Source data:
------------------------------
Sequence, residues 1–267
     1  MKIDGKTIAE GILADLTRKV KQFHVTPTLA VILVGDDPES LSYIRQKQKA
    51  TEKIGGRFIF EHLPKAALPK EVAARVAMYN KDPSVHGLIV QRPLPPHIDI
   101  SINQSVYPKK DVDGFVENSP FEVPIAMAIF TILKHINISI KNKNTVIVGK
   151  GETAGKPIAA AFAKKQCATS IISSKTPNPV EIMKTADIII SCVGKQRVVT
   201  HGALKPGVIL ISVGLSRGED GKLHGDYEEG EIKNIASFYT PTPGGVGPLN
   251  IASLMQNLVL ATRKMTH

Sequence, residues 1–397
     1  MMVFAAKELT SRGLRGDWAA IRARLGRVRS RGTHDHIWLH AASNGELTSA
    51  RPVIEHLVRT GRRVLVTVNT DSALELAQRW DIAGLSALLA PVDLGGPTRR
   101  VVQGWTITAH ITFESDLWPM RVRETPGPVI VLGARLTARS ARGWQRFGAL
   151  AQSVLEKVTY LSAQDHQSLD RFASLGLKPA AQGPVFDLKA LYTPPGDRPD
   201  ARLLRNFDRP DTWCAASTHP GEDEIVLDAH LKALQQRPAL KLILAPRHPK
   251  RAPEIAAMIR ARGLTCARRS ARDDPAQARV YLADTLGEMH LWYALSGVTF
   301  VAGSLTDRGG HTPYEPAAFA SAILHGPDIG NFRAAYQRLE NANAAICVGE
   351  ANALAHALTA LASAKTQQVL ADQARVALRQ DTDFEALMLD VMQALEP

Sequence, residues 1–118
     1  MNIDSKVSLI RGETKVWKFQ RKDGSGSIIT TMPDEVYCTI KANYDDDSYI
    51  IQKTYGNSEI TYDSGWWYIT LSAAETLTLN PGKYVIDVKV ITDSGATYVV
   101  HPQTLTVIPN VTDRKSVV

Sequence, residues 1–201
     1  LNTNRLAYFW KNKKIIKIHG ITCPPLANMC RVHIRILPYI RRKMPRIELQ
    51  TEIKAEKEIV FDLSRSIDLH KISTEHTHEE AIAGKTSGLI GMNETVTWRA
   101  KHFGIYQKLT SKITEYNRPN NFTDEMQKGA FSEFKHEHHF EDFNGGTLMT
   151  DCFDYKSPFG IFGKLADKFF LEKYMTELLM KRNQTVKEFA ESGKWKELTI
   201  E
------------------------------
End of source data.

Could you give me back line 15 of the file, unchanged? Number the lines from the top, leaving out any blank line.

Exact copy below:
   301  VAGSLTDRGG HTPYEPAAFA SAILHGPDIG NFRAAYQRLE NANAAICVGE